Basic Witches is at heart a self-help book, but less of the “woo-woo let me teach you my ways” and more of the “here’s some things that might help, also you are the best you you are,” which I have to say is way more refreshing to read.
I don’t really have a lot to say about this book other than that I liked it. It’s one that I think you really have to read for yourself to see if it fits you. One thing I really liked was that it didn’t delve too much into “The Divine Feminine” like so many other witch books do; they used “she/her” as the main pronouns, but acknowledged genderqueer and non-binary people. They also mentioned in their section about sex that it’s perfectly OK to not have or want sex, which is a huge A+.
I will recommend you at least check it out from your library, or look for it in a bookstore (if y’all still have those; we sadly do not), because the cover is damn pretty. Like damn, damn, dammity, damn, damn pretty. When it catches the light, the gold on it literally glows like fire, and if that’s not the coolest shit then get out of my face.
TL;DR: Read if if you want some neat spells or just want to know that you’re not weird for being you, but definitely look at it because, again, damn pretty.
I really loved the premise of this one. A murder is committed and the entire house is covered in a thick layer of vacuum dust, rendering DNA sampling nearly impossible. That’s the kind of story I’d come up with, so I was super on board before I even began.
The writing is better than average for a male writer, with only two unnecessary, though thankfully brief and not dwelled upon, sex scenes. Our protagonist, Nils Shapiro, has a healthy friendship with his male friends and actually does very well at being not a dick to the women he meets. I may be selling this short like this; I really did enjoy his character, but you know me, master of the hard sell.
The book was well plotted and paced. Except for one frankly bizarre subplot about Islamic militants among refugees was, honestly, really fucking odd and out of place and racist. It was legit only used as a plot point for the FBI to come down and stop the investigation for about five chapters before it was resolved anyway.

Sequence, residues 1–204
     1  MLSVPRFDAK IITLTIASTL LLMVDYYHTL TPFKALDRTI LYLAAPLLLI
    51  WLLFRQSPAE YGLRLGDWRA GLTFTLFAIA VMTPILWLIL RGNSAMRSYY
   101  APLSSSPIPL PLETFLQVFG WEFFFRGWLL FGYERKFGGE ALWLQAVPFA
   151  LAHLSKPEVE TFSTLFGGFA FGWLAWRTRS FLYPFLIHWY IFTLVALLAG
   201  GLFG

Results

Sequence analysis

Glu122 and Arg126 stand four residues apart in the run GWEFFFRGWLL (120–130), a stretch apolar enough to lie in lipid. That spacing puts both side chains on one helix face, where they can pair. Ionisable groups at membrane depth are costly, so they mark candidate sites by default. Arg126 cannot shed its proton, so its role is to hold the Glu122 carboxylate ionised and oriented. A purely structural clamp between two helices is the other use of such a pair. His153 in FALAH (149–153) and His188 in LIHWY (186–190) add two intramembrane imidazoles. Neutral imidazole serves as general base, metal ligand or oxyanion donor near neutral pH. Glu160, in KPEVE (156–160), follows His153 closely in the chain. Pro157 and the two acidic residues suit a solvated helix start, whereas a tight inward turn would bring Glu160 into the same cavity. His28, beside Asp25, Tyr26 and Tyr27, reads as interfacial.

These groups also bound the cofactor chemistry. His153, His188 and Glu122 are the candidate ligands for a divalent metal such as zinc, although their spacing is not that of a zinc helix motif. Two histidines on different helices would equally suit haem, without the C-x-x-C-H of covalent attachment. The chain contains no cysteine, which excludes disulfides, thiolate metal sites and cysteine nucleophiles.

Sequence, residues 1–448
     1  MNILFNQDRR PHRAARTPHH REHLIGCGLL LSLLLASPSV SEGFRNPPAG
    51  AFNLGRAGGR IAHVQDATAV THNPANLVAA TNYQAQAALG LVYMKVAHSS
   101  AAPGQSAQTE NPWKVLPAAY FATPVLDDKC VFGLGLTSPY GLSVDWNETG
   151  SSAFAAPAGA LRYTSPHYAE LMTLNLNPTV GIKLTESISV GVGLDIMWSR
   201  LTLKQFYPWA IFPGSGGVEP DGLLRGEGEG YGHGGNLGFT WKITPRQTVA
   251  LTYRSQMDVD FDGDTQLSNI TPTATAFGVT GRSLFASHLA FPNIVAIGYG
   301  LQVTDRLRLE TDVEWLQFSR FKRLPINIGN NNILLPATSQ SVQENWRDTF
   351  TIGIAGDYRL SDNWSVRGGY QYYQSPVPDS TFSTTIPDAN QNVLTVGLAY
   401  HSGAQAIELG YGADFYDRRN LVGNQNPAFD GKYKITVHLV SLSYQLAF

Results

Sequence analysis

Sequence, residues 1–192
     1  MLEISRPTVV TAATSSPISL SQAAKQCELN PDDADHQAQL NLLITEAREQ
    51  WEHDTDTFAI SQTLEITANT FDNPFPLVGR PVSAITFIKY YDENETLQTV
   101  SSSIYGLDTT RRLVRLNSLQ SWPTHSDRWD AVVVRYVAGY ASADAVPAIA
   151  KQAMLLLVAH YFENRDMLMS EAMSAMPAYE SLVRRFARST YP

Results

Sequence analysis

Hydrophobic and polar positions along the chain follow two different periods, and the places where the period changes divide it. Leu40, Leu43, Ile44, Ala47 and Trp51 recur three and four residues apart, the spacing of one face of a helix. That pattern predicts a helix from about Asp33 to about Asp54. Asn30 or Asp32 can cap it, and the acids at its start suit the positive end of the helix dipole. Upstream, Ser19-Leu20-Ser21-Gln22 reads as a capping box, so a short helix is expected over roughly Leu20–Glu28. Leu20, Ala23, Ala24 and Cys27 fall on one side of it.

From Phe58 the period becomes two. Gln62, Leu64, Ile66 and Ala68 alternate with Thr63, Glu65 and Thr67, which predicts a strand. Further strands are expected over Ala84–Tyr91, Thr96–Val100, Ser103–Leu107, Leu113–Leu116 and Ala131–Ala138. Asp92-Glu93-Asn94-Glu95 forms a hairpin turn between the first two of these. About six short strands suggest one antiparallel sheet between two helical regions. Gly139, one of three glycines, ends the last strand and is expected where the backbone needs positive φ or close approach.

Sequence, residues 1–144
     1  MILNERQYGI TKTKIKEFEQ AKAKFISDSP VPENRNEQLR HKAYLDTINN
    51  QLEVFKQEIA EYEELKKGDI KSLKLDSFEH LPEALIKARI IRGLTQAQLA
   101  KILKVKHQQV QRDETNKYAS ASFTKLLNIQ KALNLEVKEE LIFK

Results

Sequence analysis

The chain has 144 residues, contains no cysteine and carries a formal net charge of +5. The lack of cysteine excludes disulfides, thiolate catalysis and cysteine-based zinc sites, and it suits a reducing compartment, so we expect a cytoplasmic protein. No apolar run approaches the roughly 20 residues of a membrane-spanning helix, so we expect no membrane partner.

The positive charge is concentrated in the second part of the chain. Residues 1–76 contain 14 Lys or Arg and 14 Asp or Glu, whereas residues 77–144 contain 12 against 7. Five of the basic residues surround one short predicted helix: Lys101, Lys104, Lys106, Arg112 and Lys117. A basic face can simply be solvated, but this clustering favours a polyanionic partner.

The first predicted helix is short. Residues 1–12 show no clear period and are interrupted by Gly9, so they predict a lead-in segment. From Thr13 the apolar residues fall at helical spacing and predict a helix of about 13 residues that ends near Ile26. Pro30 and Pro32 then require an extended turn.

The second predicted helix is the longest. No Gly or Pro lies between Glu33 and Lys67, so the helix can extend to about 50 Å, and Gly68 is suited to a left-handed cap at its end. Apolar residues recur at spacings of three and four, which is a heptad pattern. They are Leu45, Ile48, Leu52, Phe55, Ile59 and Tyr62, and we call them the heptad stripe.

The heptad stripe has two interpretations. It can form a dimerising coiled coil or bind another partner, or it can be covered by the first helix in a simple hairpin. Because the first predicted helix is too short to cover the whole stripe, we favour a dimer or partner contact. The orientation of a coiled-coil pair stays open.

One thing that did make my Southern Californian heart melt was the constant descriptions of what roads led where, and how he got where he was going. I’m not kidding about this. Every single time he got into the car, we got a street-by-street rundown of his route anywhere. This is literally how we talk in SoCal, and I can’t figure out if this is also how they do in Minnesota or if Goldman’s lived out here long enough we’ve corrupted him.
Overall, I’d recommend it, bullshit subplot aside. It’s a pretty compelling read, and there are enough twists in it to keep you entertained, but none that really come out of nowhere once they’re explained. Nils is a pretty likable narrator among so very many awful ones. Also, no dead queers, so that’s A+, good job.
TL;DR: Good, I’d definitely read the next if there’s a series, but watch out for random subplots.
OK, big reviews are done, now what do I do? What else have I read?
Whobert Whover, Owl Detective [buy here or here]
Writing: Jason Gallaher
Illustrations: Jess Pauwels
It’s a really cute book, y’all. I love reading children’s books because there’s something refreshing in seeing storytelling done in only a handful of pages. That, and I want to write my own someday, too, so they’re great inspiration.
Whobert Whover is swooping over the trees one day when suddenly he spies Perry the Possum lying still on the ground. Lying /very/ still. Whobert is determined to solve the mystery!
The illustrations are adorable and the writing is so cute. When accused of soaking Perry in his sickening slime, Freddie the frog points out that he’s not slimy before even answering the charges against him. Whobert is so energetic in his quest to solve the crime that it doesn’t occur to him to let people answer his own questions.
I super recommend checking it out if you like quick examples of children’s books or really like cute illustration.